Trump hits the brakes on Senate immigration deal

A bipartisan group of senators says they have clinched a deal to provide protections to young immigrants known as Dreamers, but are facing pushback from President TrumpDonald John TrumpTrump: I hope voters pay attention to Dem tactics amid Kavanaugh fight South Korea leader: North Korea agrees to take steps toward denuclearization Graham calls handling of Kavanaugh allegations 'a drive-by shooting' MORE and GOP leadership.

Sens. Jeff FlakeJeffrey (Jeff) Lane FlakeGrassley: No reason to delay Kavanaugh hearing Dem senators back Kavanaugh accuser's call for FBI investigation Kavanaugh accuser says FBI should investigate before she testifies MORE (R-Ariz.) and Dick DurbinRichard (Dick) Joseph DurbinGrassley to administration: You must consult Congress on refugee cap Overnight Health Care: Senators target surprise medical bills | Group looks to allow Medicaid funds for substance abuse programs | FDA launches anti-vaping campaign for teens Bipartisan group wants to lift Medicaid restriction on substance abuse treatment MORE (D-Ill.) said Thursday the group of six senators has locked down an agreement amongst themselves on pairing a fix for the Deferred Action for Childhood Arrivals (DACA) program with a border security package. 

"We've got this bipartisan group. We are at a deal. ... It's the only game in town," Flake told reporters.

But Durbin and Sen. Lindsey GrahamLindsey Olin GrahamTrump: I hope voters pay attention to Dem tactics amid Kavanaugh fight Graham calls handling of Kavanaugh allegations 'a drive-by shooting' Graham knocks South Korea over summit with North MORE (R-S.C.) were told during a Thursday meeting with President Trump at the White House that he was not ready to sign on to the bill.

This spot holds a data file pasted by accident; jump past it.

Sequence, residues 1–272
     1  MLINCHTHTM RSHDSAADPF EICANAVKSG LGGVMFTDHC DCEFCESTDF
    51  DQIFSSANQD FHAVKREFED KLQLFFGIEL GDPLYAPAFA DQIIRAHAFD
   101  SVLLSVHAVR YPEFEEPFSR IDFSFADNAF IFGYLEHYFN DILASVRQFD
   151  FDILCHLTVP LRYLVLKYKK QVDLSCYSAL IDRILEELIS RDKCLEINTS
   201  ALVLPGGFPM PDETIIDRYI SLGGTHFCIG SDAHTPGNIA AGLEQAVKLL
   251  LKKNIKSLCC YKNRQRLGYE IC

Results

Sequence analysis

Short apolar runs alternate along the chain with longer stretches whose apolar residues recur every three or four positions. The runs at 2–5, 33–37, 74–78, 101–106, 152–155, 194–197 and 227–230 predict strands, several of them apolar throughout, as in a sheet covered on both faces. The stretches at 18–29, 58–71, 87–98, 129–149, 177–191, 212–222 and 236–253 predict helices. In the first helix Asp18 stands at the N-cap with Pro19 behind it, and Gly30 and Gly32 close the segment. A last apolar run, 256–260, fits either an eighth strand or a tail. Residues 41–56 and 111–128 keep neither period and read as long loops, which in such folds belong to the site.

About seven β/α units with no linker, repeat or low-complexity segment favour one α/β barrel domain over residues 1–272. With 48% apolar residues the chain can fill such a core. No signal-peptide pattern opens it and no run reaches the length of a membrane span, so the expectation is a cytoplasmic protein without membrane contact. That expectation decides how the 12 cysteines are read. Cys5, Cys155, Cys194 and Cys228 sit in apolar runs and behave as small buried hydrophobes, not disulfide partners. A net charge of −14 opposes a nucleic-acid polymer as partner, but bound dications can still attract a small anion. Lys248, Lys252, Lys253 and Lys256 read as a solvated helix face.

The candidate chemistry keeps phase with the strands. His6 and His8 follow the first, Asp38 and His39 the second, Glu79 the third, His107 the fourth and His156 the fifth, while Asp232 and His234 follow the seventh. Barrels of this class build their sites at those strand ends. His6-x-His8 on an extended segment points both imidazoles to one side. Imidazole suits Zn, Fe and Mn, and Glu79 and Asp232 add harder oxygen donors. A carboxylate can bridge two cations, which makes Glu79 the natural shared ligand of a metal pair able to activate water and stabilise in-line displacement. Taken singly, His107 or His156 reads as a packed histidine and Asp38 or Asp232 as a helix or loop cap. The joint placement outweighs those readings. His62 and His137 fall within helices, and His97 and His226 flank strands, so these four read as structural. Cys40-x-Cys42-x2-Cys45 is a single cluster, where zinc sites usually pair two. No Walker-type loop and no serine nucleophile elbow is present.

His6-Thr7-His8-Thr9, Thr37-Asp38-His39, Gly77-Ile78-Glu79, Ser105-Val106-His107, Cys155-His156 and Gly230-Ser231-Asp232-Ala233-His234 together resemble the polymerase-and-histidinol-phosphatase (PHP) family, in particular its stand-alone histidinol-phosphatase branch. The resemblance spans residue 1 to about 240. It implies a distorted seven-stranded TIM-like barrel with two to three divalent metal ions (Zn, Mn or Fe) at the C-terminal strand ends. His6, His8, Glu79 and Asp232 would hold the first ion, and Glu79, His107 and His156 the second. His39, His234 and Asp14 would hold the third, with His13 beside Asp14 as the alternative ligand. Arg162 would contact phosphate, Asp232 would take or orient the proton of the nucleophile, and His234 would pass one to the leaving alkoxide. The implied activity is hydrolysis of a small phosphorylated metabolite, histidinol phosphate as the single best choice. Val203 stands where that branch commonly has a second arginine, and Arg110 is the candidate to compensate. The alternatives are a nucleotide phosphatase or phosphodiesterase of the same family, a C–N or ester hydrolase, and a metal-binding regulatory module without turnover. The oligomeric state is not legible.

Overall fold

"We were hoping for that, but the president is not prepared to do that at this moment," Durbin said when asked if they wanted the president's support before they moved forward with their agreement.

Press secretary Sarah Huckabee Sanders, during a press briefing, said, "There has not been a deal reached yet. However, we still think we can get there and we are very focused on trying to make sure that happens."

The group of senators holding the talks — which also includes Democratic Sens. Michael BennetMichael Farrand BennetOvernight Health Care: Senators target surprise medical bills | Group looks to allow Medicaid funds for substance abuse programs | FDA launches anti-vaping campaign for teens Bipartisan senators unveil proposal to crack down on surprise medical bills Multiple NFL players continue on-field protests during national anthem MORE (Colo.) and Bob Menendez (N.J.) and Republican Sen. Cory GardnerCory Scott GardnerSome employees' personal data revealed in State Department email breach: report Colorado governor sets up federal PAC before potential 2020 campaign Hillicon Valley: Trump signs off on sanctions for election meddlers | Russian hacker pleads guilty over botnet | Reddit bans QAnon forum | FCC delays review of T-Mobile, Sprint merger | EU approves controversial copyright law MORE (Colo.) — has been negotiating for months on a deal that would include a fix for DACA.

Their bill is expected to include legalization for DACA recipients, known as Dreamers, as well as a border security package and changes to the State Department's diversity visa lottery program and family-based immigration policies.

ADVERTISEMENT

Those four parameters are in line with what Trump and lawmakers agreed to during a White House meeting earlier this week.

The six senators said in a joint statement Thursday afternoon they have reached an agreement, which would include a path to citizenship.

"President Trump called on Congress to solve the DACA challenge. ... We are now working to build support for that deal in Congress," they said.

Durbin said the bill would include a pathway to citizenship not only for current DACA recipients, but other immigrants in the country illegally who would qualify for the program. 
 
Meanwhile, Flake indicated that any changes to family-based immigration would be narrowly focused to the current DACA population and their family members, and not apply, as some Republicans want, to the entire immigration population.